Several of the above-slot deals were done weeks before the deadline, but teams were reluctant to make them official. MLB can't really punish any that don't toe the line, but no club wanted to be the first to draw the ire of the commissioner's office.
The deal that got the ball rolling belonged to New Jersey prep righthander Rick Porcello, who was rated the second-best pitcher in the draft behind only Price. Porcello fell to the Tigers at No. 27 because of signability concerns that proved well-founded.
On Aug. 13, word came out that Porcello would get a $7 million major league deal (including a $3.58 million bonus), matching the record for the biggest guarantee ever given a high school draftee, set by Josh Beckett in 1999. Boras had set Beckett as his target for the Porcello contract and proved that even with the deadline and MLB's focus on reducing bonuses, he could deliver.
Before Porcello's deal, the most anyone had gone above slot in the first round was $170,000 by Georgia high school outfielder Jason Heyward, whom the Braves drafted at No. 14. Heyward signed for $1.7 million, getting the 2006 value for his draft slot in what became a trend for late-signing mid-first-round picks.
"It's like with the price of gas," one agent grumbled during the process. "People see the price go up to $3 and get all whiny, and then the price comes down to $2.65 and everyone gets so excited. That's what signing for last year's slot is like."
Those deals became an afterthought in a way as four of the top five picks grappled with the repercussions of Porcello's deal with the Tigers. So did the final choice in the first round.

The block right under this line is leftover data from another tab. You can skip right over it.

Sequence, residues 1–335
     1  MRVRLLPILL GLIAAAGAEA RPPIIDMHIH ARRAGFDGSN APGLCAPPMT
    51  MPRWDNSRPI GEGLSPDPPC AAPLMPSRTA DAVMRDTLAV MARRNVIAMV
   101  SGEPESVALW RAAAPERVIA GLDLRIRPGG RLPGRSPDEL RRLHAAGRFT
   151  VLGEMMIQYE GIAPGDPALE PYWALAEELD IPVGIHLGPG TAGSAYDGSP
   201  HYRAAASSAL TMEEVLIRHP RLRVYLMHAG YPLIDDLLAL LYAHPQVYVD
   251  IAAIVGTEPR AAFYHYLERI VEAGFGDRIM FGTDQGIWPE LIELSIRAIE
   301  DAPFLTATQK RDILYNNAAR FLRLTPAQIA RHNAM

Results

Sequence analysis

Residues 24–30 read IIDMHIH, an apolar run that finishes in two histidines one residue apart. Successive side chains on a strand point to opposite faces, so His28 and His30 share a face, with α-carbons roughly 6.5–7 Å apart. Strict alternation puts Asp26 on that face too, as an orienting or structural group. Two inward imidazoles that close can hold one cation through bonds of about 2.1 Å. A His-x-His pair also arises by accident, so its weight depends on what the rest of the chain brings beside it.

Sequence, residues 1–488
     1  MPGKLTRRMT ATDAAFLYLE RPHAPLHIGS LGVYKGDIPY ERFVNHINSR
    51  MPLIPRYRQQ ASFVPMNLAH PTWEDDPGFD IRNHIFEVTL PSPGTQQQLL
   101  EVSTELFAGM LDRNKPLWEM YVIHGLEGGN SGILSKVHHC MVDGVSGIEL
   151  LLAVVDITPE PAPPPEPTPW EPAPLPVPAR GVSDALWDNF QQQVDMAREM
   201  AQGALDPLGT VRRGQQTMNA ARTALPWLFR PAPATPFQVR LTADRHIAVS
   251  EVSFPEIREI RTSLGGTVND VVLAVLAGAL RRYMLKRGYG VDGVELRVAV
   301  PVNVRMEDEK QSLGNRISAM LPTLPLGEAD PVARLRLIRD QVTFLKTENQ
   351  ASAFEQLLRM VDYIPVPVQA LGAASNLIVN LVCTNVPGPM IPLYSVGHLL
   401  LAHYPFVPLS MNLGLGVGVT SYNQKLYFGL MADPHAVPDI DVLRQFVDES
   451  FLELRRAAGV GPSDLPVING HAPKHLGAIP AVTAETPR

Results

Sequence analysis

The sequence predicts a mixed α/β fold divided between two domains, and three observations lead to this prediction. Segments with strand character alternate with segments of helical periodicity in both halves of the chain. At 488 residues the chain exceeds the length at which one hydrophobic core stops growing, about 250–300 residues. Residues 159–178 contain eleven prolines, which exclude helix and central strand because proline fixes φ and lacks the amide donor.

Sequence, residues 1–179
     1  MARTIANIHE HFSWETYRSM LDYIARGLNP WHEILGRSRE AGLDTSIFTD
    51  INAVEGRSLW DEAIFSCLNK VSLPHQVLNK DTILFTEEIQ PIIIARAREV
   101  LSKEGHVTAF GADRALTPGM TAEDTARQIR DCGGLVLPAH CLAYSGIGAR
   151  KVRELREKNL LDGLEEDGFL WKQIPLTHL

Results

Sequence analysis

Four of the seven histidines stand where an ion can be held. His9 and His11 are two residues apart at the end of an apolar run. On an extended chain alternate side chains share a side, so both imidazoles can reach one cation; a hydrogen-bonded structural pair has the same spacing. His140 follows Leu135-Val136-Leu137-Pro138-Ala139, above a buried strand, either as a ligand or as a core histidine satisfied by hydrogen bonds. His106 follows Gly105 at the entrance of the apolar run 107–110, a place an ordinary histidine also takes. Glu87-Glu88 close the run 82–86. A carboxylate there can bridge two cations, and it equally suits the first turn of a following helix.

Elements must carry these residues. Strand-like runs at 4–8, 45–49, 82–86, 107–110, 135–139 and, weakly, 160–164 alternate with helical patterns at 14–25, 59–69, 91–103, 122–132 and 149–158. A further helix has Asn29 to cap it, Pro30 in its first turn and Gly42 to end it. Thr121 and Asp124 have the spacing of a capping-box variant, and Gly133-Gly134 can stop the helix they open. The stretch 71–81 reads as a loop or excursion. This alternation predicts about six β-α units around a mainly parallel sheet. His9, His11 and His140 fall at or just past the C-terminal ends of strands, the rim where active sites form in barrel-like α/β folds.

North Carolina State righthander Andrew Brackman entered 2007 as the second-rated college pitcher behind Price, but an elbow injury and signability concerns (he's another Boras client) caused him to drop to the Yankees at No. 30.
Nevertheless, on the afternoon of Aug. 15, Brackman signed a deal that stunned industry insiders. While his $3.35 million bonus wasn't a surprise, he got a major league contract that guarantees him $4.55 million. Most shocking of all for a former college basketball player who pitched just 149 innings for the Wolfpack and needs Tommy John surgery, his deal includes roster bonuses and club options that could drive its total value over seven years to $13 million--making it potentially the most lucrative contract in draft history.
Friedman conceded that the Porcello and Brackman contracts had an impact on Price's deal. "I'd by lying if I said it didn't have any effect on negotiations," Friedman said.
Both the Yankees and Tigers continued to splurge beyond the first round. New York followed the Brackman announcement by signing five more picks for a combined $3.5 million, including Texas third baseman Brad Suttle for $1.3 million, a record for the fourth round, and Louisiana prep shortstop Carmen Angelini for $1 million, the second-largest bonus ever in the 10th round.
Detroit set a short-lived sixth-round record with a $1.4975 bonus to Alabama shortstop Cale Iorg, and also gave Illinois prep lefty Casey Crosby $748,500 in the fifth round. Crosby's bonus is spread out over five years under MLB provisions for two-sport athletes, as he was a star high school wide receiver.
Sneaking somewhat under the radar were the Nationals, who signed Georgia high school lefty Josh Smoker for an above-slot $1 million as the first pick in the supplemental first round. Washington then stunned the industry with a last-minute deal with Massachusetts prep lefty Jack McGeary. McGeary eclipsed Iorg's sixth-round record with a $1.8 million bonus, and the Nationals will pay for him to attend Stanford as a full-time student and play baseball only in the summer until he graduates.